BACON, Waller (c.1669-1734), of Earlham, nr. Norwich
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Family and Education
b. c.1669, o. surv. s. of Francis Bacon of Gray’s Inn by Elizabeth, da. and h. of Thomas Waller† (d. 1682) of St. Andrew, Holborn, Mdx. and Earlham. educ. Christ Church, Oxf. matric. 23 Feb. 1686, aged 16; G. Inn 1679, called 1693, bencher 1709. m. (1) 4 Apr. 1695 (with £2,000), Mary (d. 1701), da. and coh. of Richard Porter of Framlingham, Suff., s.p.s.; (2) settlement 28 Aug. 1703, Frances, prob. da. of Edward Nosworthy, rector of Diptford, Devon, 3s. (1 d.v.p.). suc. fa. 1679; mother 1704.1
Commr. victualling 1714–17; commissary of musters and stores in Minorca 1722–d.
Freeman, Norwich 1718.2
Bacon was descended from a younger son of Lord Keeper Nathaniel Bacon. He leased the Earlham estate from his mother, succeeding to this and other property in 1704. He had been appointed a deputy-lieutenant for Norwich by December 1702. Backed by Lord Townshend, he stood on the Whig interest at Norwich in 1705 and, with his partner, John Chambers, carried the day against two Tories. However, there was a double return, and Bacon and Chambers had to wait to be seated until 12 days after the opening of Parliament. A steady Whig, Bacon was classed by Lord Sunderland (Charles, Lord Spencer*) as a ‘gain’. He voted for the Court candidate for Speaker on 25 Oct. 1705. Another list of the new Parliament classed him as a ‘Churchman’. On 19 Jan. 1706 he was appointed to the drafting committee for a bill to regulate duties on coal imported into Great Yarmouth, a measure undertaken in response to popular pressure from Norwich and the county. On 16 Feb. he reported a petition of some army officers for relief, being ordered the same day to bring in a bill to this end. He voted on 18 Feb. 1706 for the Court over the ‘place clause’ in the regency bill. He was appointed on 19 Dec. to draft another bill on Yarmouth coal duties, this time managing it successfully through the House. In two lists of 1708 he appeared as a Whig. On 12 Feb. he reported another petition of army officers for arrears of pay, subsequently introducing, on 3 Mar., a bill to state the accounts of the regiments concerned. Re-elected in 1708, he was appointed on 24 Jan. 1709 to the drafting committee on a bill to continue the Wymondham–Attleborough Road Act. He voted for the naturalization of the Palatines in 1709 and for the impeachment of Dr Sacheverell in 1710. In January 1710 he had assisted in the parliamentary management of a bill to regulate hackney coaches, and he reported a private estate bill on 9 Mar.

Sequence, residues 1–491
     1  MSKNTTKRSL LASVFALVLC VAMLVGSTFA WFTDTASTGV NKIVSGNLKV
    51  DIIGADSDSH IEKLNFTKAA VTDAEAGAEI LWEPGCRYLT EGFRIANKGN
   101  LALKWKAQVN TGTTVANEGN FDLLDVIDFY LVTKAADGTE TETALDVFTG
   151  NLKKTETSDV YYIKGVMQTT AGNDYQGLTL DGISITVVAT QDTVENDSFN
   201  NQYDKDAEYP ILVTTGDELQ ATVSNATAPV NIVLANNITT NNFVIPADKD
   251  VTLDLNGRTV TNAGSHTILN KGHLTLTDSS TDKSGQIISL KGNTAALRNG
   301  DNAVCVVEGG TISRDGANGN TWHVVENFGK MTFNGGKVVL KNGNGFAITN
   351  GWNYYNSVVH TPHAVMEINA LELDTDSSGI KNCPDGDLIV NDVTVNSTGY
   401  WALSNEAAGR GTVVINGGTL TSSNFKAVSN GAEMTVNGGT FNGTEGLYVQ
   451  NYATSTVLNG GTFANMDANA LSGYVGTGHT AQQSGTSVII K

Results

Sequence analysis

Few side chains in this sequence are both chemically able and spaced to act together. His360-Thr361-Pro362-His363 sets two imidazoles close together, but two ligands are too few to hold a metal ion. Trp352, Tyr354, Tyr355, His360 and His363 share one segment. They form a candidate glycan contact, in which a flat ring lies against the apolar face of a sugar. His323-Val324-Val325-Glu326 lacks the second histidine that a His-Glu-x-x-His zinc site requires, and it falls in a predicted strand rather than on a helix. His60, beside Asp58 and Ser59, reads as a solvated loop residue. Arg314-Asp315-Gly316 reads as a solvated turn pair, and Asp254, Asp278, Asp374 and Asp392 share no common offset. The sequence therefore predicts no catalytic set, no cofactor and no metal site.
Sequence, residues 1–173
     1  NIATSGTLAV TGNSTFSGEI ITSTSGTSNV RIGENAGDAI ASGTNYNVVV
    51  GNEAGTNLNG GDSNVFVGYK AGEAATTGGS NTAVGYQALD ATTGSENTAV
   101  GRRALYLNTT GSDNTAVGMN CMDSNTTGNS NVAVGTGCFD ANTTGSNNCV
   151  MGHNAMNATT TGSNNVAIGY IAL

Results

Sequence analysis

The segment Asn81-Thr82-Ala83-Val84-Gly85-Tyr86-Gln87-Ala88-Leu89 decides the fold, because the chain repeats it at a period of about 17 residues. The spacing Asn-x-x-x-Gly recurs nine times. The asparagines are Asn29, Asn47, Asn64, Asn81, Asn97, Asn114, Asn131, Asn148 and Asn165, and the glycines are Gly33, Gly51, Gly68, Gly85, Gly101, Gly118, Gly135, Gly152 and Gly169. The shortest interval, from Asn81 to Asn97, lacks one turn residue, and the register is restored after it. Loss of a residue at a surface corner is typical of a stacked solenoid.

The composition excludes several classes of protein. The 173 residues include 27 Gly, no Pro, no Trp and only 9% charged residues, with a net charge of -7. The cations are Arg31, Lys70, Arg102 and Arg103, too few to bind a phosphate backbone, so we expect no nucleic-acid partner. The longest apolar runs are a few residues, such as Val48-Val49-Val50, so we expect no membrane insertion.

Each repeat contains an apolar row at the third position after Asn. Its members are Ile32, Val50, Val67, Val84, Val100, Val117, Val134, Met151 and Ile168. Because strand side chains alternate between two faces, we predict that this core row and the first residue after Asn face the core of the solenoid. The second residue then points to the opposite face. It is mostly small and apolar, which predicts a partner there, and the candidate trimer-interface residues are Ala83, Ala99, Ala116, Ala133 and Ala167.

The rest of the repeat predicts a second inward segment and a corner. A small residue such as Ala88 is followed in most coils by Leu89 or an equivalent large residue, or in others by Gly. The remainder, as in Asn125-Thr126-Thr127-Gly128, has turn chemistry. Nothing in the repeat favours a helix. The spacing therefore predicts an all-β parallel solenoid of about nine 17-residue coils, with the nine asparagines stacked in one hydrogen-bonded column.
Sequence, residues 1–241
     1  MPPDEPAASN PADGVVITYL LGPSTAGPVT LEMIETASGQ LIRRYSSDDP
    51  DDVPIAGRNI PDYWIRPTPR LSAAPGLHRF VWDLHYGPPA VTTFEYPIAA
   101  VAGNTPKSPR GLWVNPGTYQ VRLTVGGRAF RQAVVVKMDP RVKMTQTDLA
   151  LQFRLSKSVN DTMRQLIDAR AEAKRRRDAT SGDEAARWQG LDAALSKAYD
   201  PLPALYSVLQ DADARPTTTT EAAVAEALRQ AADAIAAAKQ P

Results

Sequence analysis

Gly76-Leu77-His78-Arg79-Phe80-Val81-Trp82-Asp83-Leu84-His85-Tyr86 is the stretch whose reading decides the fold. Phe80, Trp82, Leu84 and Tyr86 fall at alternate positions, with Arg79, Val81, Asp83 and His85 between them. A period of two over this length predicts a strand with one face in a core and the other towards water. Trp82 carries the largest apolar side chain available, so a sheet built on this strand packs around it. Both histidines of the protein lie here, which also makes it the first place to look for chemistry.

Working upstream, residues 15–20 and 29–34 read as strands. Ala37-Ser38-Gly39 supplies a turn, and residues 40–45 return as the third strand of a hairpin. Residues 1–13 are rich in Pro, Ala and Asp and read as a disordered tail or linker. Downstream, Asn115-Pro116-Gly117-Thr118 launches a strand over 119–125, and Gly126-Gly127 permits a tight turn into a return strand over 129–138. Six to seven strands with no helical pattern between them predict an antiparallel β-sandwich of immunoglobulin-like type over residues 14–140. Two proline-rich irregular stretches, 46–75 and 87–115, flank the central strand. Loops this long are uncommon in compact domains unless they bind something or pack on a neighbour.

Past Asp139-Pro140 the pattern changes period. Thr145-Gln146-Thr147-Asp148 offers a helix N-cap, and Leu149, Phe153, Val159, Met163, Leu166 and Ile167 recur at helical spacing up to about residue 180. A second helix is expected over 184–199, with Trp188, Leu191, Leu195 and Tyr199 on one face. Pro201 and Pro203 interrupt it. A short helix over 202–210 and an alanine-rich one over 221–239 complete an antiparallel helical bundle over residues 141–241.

Defeated in 1710 and 1713, Bacon came back into Parliament in 1715. He was classed as a Whig in the Worsley list and proved a faithful supporter of Walpole. He died on 11 Nov. 1734.3
Ref Volumes: 1690-1715
Author: D. W. Hayton
- 1. Blomefield, Norf. iv. 195, 510, 515; PCC 93 Cottle, 258 Ockham; Sheffield Archs. Bacon Frank mss BFM 1041, 1247; Norf. Arch. xxxiii. 8, 92–93; Vivian, Vis. Devon, 782.
- 2. Norf. Rec. Soc. xxiii. 102.
- 3. Bacon Frank mss BFM 1043, 1247; CSP Dom. 1702–3, p. 397; Camb. Univ. Lib. Cholmondeley (Houghton) mss, Ld. Townshend to Robert Walpole II*, 8 Oct. 1705.